On the eve of Election Day, Monday’s economic news showed that manufacturing expanded nationwide in October for the 15th consecutive month while Americans spent more and earned less in September.
The purchasing managers index (PMI) released by the Institute for Supply Management (ISM) stood at a level of 56.9 in October versus 54.4, growing at a rate of 2.5%. Supply executives surveyed in the PMI reported that new orders were up 7.8%, and production rose 6.2%. Even manufacturing employment—seen as particularly sluggish this year—grew at a faster rate in October, rising 1.2% to a level of 57.7 versus 56.5 in September.
"The manufacturing sector grew during October, with both new orders and production making significant gains,” said Norbert Ore, chairman of the ISM’s manufacturing business survey committee, in a statement. “Since hitting a peak in April, the trend for manufacturing has been toward slower growth. However, this month's report signals a continuation of the recovery that began 15 months ago, and its strength raises expectations for growth in the balance of the quarter.”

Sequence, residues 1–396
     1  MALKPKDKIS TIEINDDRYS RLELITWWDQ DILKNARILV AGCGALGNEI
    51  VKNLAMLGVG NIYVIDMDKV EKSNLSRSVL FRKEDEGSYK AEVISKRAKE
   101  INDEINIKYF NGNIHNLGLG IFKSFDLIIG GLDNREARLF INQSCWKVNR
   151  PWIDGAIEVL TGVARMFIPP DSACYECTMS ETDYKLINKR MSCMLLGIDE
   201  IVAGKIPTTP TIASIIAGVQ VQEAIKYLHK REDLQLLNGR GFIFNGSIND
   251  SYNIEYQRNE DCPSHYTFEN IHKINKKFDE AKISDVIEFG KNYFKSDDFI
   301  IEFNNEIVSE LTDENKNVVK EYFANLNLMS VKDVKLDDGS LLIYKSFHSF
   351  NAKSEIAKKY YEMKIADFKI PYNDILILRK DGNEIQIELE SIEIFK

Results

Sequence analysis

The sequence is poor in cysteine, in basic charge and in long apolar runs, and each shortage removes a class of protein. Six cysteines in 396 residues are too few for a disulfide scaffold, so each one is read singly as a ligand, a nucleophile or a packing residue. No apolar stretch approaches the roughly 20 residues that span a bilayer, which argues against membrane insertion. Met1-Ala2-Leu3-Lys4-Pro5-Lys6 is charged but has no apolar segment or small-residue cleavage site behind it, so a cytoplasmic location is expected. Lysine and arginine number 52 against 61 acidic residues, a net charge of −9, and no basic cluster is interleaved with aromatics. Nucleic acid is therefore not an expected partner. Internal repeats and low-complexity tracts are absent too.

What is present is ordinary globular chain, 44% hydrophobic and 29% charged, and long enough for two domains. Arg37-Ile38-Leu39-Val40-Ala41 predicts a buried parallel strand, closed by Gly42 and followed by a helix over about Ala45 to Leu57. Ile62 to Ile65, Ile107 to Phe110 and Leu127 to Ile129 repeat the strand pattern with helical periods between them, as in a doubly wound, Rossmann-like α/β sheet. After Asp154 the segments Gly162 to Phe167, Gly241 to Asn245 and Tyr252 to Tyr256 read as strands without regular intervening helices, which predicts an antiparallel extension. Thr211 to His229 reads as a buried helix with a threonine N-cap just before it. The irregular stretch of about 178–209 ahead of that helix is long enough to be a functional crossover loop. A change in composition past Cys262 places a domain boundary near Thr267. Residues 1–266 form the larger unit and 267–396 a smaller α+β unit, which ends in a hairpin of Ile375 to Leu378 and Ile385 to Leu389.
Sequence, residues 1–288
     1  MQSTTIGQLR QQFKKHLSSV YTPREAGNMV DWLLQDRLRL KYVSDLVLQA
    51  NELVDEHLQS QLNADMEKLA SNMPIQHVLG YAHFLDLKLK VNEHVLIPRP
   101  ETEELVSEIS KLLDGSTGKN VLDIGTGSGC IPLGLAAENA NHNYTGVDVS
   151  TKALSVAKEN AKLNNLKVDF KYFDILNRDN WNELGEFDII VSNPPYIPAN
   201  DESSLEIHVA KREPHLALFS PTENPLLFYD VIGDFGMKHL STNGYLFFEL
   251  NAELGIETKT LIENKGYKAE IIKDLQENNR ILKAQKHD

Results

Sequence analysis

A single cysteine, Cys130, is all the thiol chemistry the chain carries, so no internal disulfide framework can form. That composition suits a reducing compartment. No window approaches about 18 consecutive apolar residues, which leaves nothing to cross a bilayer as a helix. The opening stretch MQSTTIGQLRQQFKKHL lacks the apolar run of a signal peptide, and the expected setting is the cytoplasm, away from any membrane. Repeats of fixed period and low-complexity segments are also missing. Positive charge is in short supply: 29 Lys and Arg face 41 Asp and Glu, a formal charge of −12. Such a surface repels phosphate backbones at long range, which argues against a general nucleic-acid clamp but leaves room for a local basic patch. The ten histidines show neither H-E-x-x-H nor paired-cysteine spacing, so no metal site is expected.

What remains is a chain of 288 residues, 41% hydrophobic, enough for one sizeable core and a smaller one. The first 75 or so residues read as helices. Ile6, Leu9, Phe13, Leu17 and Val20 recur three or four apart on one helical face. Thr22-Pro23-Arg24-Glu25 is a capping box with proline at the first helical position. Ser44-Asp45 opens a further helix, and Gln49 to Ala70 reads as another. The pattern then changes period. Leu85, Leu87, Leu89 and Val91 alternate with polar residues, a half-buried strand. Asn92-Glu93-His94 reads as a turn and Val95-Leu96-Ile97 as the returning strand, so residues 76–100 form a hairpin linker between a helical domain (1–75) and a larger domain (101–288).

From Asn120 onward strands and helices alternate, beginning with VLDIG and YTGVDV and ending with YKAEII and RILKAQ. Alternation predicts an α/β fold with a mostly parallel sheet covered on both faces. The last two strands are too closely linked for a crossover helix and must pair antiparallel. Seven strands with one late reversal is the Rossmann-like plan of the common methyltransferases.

Survey respondents saw recovery in autos, computers and exports as key drivers of this growth, Ore noted, while concerns about inventory growth were lessened by the improvement in new orders during October.
“With 14 of 18 industries reporting growth in October, manufacturing continues to outperform the other sectors of the economy,” he said.
Meanwhile, the Commerce Department’s personal income and outlays report on Monday showed Americans